Light does not always travel at a constant speed. It’s velocity is 300 million meters per second (over 186,000 miles per second) in a vacuum. The reason an object in a glass of water looks bent is because light travels at different speeds depending on what it goes through. More technically, as light passes through various media, it’s velocity will change. There’s a handy number that indicates how light will bend: this is called the index of refraction, and it is a ratio of the speed of light in a vacuum to the speed of light in a medium.
Light is energy?
Light is energy, and in a way, it’s something else. It can be described in terms of frequency, wavelength, speed, and energy. As its wavelength decreases, its energy and frequency increase. As its wavelength increases, its energy and frequency decreases. Since light’s speed is constant, its frequency stays the same when it passes through a material. This means that its wavelength must decrease for the speed to decrease.
Different “types” of light have different energies. Sometimes light particles will hit atoms in a medium and its energy will transfer into the atom. The atom then releases this energy and the light travels as it was before. This delay, though very short, gives the impression that light is bending.
When we see a straw in a glass of water, it appears as if it’s bent. This is an illusion caused by the light hitting the straw going from air through water, glass, then air again. Air, water, and glass have different indices of refraction and thus the light “bends” three times before hitting our eyes.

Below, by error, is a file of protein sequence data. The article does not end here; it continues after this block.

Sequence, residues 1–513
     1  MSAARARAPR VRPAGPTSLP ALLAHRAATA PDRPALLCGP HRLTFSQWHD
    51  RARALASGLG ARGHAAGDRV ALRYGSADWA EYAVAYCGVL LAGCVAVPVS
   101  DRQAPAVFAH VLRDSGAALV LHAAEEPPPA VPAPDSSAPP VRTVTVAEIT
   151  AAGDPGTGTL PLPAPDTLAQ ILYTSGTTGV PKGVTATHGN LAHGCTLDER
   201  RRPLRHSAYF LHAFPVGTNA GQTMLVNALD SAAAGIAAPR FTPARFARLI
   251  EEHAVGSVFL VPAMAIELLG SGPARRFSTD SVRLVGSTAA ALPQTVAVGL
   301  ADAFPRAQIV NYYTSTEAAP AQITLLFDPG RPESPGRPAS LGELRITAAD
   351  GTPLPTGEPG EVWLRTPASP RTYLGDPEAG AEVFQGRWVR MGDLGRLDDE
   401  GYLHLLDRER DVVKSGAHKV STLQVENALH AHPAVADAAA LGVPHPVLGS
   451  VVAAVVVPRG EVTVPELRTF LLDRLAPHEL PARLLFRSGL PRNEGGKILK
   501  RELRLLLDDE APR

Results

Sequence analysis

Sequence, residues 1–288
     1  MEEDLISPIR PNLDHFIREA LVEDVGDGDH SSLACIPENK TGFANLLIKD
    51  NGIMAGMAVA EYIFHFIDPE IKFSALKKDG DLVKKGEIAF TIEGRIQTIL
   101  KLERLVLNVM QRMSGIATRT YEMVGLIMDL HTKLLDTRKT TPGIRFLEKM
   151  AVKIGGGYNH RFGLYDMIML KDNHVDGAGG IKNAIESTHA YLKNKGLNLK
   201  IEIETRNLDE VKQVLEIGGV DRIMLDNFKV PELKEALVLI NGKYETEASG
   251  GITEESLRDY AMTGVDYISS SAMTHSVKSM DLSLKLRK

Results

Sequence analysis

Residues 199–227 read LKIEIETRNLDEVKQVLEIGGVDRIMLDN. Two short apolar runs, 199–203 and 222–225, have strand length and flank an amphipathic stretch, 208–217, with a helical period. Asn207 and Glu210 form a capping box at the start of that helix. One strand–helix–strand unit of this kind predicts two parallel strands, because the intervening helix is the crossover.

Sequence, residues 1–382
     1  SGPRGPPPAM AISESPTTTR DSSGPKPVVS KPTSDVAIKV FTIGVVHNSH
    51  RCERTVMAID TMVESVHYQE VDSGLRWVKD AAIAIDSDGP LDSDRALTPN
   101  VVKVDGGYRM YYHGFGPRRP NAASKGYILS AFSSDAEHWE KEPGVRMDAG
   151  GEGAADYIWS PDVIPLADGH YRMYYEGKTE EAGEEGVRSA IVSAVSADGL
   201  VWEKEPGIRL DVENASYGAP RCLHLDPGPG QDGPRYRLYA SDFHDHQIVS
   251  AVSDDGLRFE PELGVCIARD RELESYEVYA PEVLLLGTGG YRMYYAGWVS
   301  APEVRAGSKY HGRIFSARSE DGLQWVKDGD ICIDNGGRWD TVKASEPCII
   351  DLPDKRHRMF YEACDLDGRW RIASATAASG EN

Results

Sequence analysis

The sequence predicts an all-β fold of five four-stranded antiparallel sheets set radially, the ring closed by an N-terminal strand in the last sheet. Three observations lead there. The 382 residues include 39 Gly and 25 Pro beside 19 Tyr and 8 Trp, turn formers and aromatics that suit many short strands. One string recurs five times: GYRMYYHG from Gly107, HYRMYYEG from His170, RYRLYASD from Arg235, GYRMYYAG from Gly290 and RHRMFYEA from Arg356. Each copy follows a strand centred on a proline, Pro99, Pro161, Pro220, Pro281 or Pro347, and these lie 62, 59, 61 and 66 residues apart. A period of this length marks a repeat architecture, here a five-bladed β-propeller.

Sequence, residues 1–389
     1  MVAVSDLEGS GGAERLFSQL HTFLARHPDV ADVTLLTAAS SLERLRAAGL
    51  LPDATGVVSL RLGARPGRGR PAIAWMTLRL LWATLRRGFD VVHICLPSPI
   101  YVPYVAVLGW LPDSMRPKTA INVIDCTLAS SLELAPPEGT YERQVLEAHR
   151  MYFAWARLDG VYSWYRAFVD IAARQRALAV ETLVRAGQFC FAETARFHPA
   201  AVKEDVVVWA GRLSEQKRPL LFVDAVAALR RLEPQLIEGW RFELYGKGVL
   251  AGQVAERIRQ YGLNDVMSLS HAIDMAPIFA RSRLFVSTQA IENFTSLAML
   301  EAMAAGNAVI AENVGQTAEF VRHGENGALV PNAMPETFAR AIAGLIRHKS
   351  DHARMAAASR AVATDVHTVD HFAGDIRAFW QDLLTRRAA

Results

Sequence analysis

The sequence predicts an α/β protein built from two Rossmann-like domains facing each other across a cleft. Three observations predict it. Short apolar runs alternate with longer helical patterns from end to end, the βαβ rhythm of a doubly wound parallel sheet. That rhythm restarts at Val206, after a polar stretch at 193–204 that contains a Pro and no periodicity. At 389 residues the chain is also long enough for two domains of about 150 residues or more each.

Particles faster than light?
Yes, it’s possible! The phenomenon dubbed Cherenkov radiation occurs when electrons travel faster than light through a medium, yet slower than light in a vacuum. The electron decays from nuclear reactions and breaks a sort of light barrier (like a sound barrier). It gives off a photonic boom (like a sonic boom) in which light energy is strongly emitted. Some of this energy is emitted as visible light. Since blue light has such a short wavelength, it is more easily dispersed and is the dominant color we see.
Negative indices of refraction?
Earlier, I defined the index of refraction as the ratio of the speed of light in a vacuum (c) to its speed in a medium (v). This is actually a very simplified definition and is not completely correct. Compare these two equations:
Note that the second equation is specific to the index of gases, although the index for solids is even more complex.
Don’t fret too much about all of the variables in the second equation. We are going to only focus on two: ω (omega) and ω0 (omega zero, or omega naught).
Every medium has what is called a resonant frequency (ω0). When light passes through a medium at this frequency, it will pass as quickly through it as it would through a vacuum. There is no medium besides a vacuum for which this is true, however air has a very close index of refraction (1.00029). This equation also shows us that the index for a material is not the same for every type of light; it varies with the light’s frequency. If the frequency of light, ω, is sufficiently higher than the resonant frequency of the material, a negative index of refraction is possible. What does this mean?
It means light can bend backwards! If the light has a higher frequency than the medium’s resonant frequency, the index can become negative. I say “can” because it is quite difficult to produce a material in which a negative index can be produce. Materials like this do not occur naturally, but are specially produced. These negative index materials are in a separate class of materials, called metamaterials. They act in ways which are completely different from conventional materials. For a closer look on negative index materials, click here to see how permittivity and permeability play a role.